Field Notes

Support the National Park Service Legacy Act – It’s time to fix our National Parks!

by JasonJun 30, 2017
Mount Moran With Fall Foliage Reflects Off The Owbow Bend Of The Snake River In Grand Teton National Park

National Park Service Legacy Act

A recent bipartisan bill, aptly named the National Park Service Legacy Act (S 751/HR 2584), would allocate oil and gas royalties to address the current 12 billion dollar maintenance back log facing our national parks. Introduced by Senators Warner and Portman in addition to Representatives Hurd and Kilmer, this bill would direct the 12 billion dollars over 30 years to focus on the park service’s highest priority projects. Instead of the money going into a general federal fund, this bill would specify that the allocated amounts go toward infrastructure maintenance, including critical transportation infrastructure within the national park service system.

The system includes 417 areas covering more than 84 million acres in every state, the District of Columbia, American Samoa, Guam, Puerto Rico, and the Virgin Islands. These areas include national parks, monuments, battlefields, military parks, historical parks, historic sites, lakeshores, seashores, recreation areas, scenic rivers and trails, and the White House. It is estimated that the national park service properties accounted for 32 billion dollars in tourism related spending and supported just under 300,000 jobs in 2015! For every tax dollar spent on our national parks 10 dollars are generated – thats a 10:1 return on investment! It is a no brainer that we need to maintain our national park system, it’s an outstanding investment for our country. These numbers don’t even begin to touch the value that our parks add to our lives. From clean water and wildlife to historical preservation and the opportunities for our citizens to have access to this legacy.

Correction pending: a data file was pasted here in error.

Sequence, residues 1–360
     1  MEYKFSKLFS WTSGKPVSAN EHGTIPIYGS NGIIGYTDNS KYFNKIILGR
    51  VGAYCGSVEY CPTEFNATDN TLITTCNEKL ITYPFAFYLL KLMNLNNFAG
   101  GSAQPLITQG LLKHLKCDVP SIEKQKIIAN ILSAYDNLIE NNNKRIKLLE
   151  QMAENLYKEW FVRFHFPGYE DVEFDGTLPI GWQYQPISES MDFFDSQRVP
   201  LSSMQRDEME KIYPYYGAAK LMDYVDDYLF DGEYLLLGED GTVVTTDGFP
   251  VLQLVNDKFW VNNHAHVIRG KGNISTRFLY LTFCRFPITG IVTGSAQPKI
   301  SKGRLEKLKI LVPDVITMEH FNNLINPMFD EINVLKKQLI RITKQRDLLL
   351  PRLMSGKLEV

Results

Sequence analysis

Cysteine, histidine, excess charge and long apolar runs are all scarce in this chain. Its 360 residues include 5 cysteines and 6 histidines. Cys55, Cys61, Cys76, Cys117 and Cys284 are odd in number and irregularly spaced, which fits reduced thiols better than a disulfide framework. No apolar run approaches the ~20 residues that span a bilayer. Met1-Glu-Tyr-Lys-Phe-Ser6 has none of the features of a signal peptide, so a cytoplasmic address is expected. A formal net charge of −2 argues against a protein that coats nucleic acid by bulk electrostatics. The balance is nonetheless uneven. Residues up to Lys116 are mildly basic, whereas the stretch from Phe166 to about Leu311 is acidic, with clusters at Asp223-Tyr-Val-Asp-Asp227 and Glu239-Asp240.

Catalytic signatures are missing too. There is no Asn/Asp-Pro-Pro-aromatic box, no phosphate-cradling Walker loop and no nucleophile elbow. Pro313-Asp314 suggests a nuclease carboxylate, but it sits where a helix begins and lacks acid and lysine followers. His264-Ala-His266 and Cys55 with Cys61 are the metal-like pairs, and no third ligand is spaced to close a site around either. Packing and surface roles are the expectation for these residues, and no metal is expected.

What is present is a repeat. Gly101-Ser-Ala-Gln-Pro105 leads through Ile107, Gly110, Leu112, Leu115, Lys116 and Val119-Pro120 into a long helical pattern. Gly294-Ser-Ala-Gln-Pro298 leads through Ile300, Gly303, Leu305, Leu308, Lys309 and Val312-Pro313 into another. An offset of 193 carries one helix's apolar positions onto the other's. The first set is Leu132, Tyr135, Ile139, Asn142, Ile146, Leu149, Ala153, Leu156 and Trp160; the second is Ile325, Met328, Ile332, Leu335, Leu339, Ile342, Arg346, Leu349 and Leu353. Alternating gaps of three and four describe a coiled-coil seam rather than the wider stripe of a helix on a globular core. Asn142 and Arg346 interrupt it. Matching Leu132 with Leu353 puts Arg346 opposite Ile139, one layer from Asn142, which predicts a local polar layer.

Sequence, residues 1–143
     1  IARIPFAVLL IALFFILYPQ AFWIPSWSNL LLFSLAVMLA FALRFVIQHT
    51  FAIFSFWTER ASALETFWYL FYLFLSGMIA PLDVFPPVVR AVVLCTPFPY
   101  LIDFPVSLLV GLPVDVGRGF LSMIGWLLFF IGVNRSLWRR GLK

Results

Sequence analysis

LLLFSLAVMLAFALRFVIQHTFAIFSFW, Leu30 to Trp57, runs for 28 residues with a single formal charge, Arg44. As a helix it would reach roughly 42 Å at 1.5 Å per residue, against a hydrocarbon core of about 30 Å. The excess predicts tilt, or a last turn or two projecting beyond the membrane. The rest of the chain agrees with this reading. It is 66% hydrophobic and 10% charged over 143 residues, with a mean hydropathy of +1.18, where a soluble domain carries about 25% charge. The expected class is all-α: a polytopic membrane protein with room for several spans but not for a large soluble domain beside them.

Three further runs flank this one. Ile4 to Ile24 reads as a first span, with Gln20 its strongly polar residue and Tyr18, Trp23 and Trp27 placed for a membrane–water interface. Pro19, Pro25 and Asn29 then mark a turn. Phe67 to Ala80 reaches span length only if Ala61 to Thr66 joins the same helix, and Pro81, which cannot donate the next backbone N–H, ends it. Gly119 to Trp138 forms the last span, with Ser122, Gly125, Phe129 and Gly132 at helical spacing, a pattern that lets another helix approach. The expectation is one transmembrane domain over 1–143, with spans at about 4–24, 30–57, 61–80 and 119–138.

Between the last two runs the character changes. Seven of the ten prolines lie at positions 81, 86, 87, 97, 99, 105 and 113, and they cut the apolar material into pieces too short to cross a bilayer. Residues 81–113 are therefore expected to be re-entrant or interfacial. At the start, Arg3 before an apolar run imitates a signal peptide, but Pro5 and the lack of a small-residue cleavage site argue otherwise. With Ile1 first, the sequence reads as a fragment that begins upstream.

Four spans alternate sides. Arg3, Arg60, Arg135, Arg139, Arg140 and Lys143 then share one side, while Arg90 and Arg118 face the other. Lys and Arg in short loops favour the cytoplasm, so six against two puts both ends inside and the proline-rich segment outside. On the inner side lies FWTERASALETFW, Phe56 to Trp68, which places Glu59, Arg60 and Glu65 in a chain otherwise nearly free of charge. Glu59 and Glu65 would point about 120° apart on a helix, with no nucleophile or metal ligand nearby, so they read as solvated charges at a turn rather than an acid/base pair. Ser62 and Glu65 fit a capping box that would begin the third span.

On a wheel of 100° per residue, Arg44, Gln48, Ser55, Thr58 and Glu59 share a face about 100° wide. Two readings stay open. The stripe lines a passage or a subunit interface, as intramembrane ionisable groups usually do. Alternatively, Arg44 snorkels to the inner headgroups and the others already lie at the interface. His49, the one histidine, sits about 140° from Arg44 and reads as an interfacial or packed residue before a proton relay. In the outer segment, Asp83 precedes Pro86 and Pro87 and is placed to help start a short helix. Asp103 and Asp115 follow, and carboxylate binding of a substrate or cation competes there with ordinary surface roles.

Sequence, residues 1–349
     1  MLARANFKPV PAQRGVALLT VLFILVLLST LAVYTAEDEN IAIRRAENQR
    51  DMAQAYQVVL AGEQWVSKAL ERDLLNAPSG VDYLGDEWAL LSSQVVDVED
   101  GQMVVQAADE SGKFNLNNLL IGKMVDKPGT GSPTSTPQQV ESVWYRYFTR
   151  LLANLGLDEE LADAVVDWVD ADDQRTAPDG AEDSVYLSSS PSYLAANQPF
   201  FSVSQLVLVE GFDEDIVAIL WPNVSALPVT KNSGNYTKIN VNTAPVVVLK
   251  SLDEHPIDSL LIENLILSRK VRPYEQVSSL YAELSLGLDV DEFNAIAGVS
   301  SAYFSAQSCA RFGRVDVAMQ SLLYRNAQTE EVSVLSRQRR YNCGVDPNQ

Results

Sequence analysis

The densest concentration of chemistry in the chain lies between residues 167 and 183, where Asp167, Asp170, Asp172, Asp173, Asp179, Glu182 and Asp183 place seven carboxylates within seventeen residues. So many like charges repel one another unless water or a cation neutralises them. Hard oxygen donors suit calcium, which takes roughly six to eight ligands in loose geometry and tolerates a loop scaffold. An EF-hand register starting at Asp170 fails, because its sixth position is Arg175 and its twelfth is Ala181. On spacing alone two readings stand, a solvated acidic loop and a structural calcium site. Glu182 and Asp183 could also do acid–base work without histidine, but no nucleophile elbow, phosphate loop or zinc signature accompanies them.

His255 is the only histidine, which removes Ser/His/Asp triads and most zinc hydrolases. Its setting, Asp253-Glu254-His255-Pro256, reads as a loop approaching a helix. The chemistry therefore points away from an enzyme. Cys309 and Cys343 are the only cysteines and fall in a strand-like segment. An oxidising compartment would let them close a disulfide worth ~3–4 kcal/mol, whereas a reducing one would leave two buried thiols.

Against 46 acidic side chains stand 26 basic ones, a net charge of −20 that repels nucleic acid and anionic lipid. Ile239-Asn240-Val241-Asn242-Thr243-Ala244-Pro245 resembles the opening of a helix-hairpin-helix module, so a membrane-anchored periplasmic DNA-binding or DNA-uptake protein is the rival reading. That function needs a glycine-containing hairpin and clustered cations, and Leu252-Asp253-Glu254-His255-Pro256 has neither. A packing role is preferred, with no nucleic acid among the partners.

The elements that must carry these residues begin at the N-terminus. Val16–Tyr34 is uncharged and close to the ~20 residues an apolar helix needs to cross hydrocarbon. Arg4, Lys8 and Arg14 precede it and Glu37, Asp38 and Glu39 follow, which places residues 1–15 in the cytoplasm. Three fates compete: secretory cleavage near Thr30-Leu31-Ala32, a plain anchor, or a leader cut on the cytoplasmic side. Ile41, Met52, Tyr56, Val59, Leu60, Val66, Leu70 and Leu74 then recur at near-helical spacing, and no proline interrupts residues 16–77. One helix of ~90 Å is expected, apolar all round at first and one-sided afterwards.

National Park Conservation Association

According to the National Park Conservation Association, eighty percent of the funds in the National Park Service Legacy Restoration Fund will be dedicated for the repair and rehabilitation of key assets, including historic structures, visitor facilities, water utility systems, disability access, health and safety, and recreation. Twenty percent of funds will be allocated to roads, bridges, and other transportation-related projects. Amounts from the fund will not be used for land acquisition or used in lieu of funding made available for recurring facility operations and maintenance needs of the Park Service. The bill will also encourage public-private partnerships to help reduce overall deferred maintenance costs by allowing the Secretary of the Interior and Director of the Park Service to accept qualified private donations.

Thanks to Senators Warner and Portman, we have a bill to address desperately needed repair projects in national parks from Yellowstone to Shenandoah to Cuyahoga Valley. The $12 billion maintenance backlog is an ever-growing challenge for our national parks, which welcomed a record-breaking 331 million visitors last year. This proposal will put our national parks on the right track. By investing in our national parks, we will not only start to tackle this backlog, but we will make our parks more resilient and prepared to continue welcoming visitors eager to explore our nation’s most important natural and historic places. Last year, the National Park Service celebrated its centennial.” Theresa Pierno, President/CEO, National Parks Conservation Association.

We can think of no better way for Congress to help our parks as they begin their second century than to approve this legislation. Theresa Pierno, President/CEO, National Parks Conservation Association

Please reach out to your senators and representatives and tell them why you support this funding bill. This is a bi-partisan bill that does not add to our tax burden. Instead it directs money that is already being collected to a specific use. Instead of the government choosing where to spend this money, you can direct the spending on a cause that is positive for innumerable reasons – least of which is that it will actually generate money for our country!

For more information or to learn how you can help visit the National Parks Conservation Association Website at

Read the entire bill here:

Jason Williams
Our Expert

Jason Williams

Founder / Naturalist Guide
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